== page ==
This video discusses some of the issues that can surface when you create the cross-functional flow diagram, as well as common mistakes that can be made when developing the model and how you can avoid them.
- If you're going to do it right, do it right the first time. No truer statement has been made as you start delving in to the lower details of the way an organization undertakes their daily activities. Modeling these activities and collecting them together create a valuable reference library. Though the library may be of no use if you stock the shelves with languages that you can't read and understand. Cross-functional flow diagrams are most commonly used to capture the flow of activities throughout the end-to-end business process cycle.
This is because they provide a great overview of how work flows between functional areas, and usually have enough detail to be useful in analyzing gaps, inefficiencies, and complexities. Because of this, there is a tendency for business analysts to start here without truly understanding the full context of the functions that are trying to document. This is an easy trap to fall in to. If you don't do your homework, you will find yourself chasing your tail, validating and cross-checking, and, in some cases, having to untangle and redo hours of work.
Make sure that you always start with a context-flow diagram, Even if you think that you know your organization well. This could save you time and your reputation. Cross-functional flow diagrams are also often the main deliverables requested from key stakeholders and project managers, and who may not necessarily understand the background work involved in producing an accurate version. A good business analyst will educate and involve those stakeholders early on in the process.
This is incredibly useful when needing to sell ideas or options down the track. Another question I'm commonly asked by analysts from all over the world is what level of detail do I need to include in my swim lanes. This one is a little tricky to answer without context, however, a general rule of thumb is to create a sub-process or process flow chart if you think that a series of steps can be grouped into a single action. The last thing you want to do is clutter the diagram.
It's also important not to over-clutter or confuse your diagram with unnecessary detail. Your diagram will remain clear and concise if you simply include a sub-process rather than providing all the detail at this level. There's a rule of thumb that you should not exceed 16 activity boxes on any one sheet. White real estate around the shapes in the models also enables great readability and understanding. This all comes back to educating your project team and stakeholders.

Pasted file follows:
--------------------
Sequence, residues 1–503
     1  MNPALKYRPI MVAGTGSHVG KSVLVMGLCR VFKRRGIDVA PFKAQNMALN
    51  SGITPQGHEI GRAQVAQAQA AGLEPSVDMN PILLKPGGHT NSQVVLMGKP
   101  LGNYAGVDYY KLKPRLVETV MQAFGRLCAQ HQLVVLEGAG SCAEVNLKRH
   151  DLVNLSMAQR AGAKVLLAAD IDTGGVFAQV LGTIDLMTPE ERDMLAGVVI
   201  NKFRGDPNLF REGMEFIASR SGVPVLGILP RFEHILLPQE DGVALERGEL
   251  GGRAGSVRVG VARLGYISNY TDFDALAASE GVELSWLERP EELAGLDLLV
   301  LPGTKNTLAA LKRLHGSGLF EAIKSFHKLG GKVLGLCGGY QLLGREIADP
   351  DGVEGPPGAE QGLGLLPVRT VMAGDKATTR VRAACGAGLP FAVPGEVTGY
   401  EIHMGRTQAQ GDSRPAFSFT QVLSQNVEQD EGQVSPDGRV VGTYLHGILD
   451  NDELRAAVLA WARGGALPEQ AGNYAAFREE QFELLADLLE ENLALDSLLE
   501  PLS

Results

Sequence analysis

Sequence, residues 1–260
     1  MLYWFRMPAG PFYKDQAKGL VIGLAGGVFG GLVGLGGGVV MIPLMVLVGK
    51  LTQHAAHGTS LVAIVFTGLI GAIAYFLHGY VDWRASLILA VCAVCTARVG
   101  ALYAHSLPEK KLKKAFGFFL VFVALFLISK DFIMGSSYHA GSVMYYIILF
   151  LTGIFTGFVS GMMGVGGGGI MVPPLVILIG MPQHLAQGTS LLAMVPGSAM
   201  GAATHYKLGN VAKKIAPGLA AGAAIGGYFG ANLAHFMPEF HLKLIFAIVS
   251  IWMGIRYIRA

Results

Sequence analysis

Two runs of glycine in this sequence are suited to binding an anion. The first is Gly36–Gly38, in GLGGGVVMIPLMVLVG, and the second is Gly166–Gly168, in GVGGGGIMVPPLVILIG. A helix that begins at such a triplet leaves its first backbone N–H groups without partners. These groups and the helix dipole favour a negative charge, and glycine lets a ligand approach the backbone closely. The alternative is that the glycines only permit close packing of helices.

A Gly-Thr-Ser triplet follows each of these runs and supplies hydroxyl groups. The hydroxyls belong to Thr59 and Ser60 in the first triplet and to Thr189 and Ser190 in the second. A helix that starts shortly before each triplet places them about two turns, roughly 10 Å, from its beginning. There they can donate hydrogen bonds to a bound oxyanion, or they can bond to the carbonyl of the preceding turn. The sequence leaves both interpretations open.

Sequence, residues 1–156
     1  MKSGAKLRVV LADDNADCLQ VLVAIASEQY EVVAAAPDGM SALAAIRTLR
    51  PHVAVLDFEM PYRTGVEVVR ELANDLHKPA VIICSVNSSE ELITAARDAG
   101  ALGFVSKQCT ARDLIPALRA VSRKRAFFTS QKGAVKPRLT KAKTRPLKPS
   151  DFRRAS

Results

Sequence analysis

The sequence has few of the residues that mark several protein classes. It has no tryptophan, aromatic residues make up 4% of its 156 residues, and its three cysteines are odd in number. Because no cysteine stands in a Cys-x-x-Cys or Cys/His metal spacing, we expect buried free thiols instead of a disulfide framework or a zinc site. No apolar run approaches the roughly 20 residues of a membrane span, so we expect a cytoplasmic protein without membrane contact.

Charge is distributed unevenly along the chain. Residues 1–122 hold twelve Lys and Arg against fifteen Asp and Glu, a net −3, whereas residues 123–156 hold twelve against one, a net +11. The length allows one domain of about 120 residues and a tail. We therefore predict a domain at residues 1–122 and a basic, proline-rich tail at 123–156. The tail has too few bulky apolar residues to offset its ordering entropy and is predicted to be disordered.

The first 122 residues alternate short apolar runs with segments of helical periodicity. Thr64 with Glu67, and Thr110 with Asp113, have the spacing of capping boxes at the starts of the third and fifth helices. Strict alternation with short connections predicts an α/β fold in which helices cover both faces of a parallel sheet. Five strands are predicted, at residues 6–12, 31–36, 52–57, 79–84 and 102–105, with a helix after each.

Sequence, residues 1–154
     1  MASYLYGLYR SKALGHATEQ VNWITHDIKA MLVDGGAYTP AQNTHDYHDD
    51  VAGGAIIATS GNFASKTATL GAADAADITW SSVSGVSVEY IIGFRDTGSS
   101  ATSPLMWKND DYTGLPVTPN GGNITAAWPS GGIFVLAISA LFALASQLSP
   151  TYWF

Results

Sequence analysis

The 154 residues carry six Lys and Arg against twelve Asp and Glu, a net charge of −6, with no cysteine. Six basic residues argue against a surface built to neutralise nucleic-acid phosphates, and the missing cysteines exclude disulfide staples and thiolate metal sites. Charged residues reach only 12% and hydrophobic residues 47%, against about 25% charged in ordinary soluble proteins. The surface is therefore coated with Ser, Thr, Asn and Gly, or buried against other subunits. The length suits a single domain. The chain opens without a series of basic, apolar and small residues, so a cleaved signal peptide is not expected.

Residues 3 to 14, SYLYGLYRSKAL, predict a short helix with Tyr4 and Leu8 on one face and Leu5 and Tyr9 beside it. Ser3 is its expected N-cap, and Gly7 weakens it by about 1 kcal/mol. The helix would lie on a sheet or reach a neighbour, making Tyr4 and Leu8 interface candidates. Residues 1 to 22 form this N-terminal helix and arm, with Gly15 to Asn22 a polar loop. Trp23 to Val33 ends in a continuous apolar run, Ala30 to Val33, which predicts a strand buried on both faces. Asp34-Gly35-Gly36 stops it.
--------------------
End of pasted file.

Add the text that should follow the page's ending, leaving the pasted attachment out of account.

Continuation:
If you've been tasked with providing process maps, ensure that you are all on the same page, and that expectations are aligned. Take a moment to walk through the types of business process models from the context, functional flow, cross-functional, and detailed flow chart diagrams. Understand what your end deliverables need to be, and the process to get you there. This way you'll have the support of your project team and stakeholders, and the process will be more streamlined. Of course, most importantly, whatever you decide, the key is be consistent across all of your cross-functional flow diagrams.
With modern modeling software, there's an avalanche of available symbols, graphics, and shapes to select from. My advice is to limit the options in what shapes you will use, as the last thing you want to create in any misinterpretation of what you are trying to share. As you finalize your cross-functional flow diagrams, begin socializing them with your stakeholders. When doing this there are a few really important things that you should be aware of. Firstly, plan for iterations, re-works, and additional discussions.
Don't expect that you'll have it documented right first off. A common problem is not allowing enough time for adequate walkthroughs. Secondly, understand timings of reviews. The walkthrough process always takes longer than you expect, especially if you have a number of stakeholders. Sending documents out prior to the walkthrough session, and requesting attendees come prepared with questions can speed this process up. Next, maintain good version control.
Ensure the models are the most current as you make any changes so as to ensure everyone is working off the correct version. Finally, authority to validate and provide sign off. It's important that stakeholders who attend verification meetings have the authority to validate and provide sign off if necessary. By following these guidelines and creating consistency in your modeling practice, you'll have a library that is valuable for years to come.
- Using common modeling tools
- Determining when to use a particular modeling diagram
- Avoiding the pitfalls associated with each diagram
- Creating diagrams
- Leveraging key stakeholders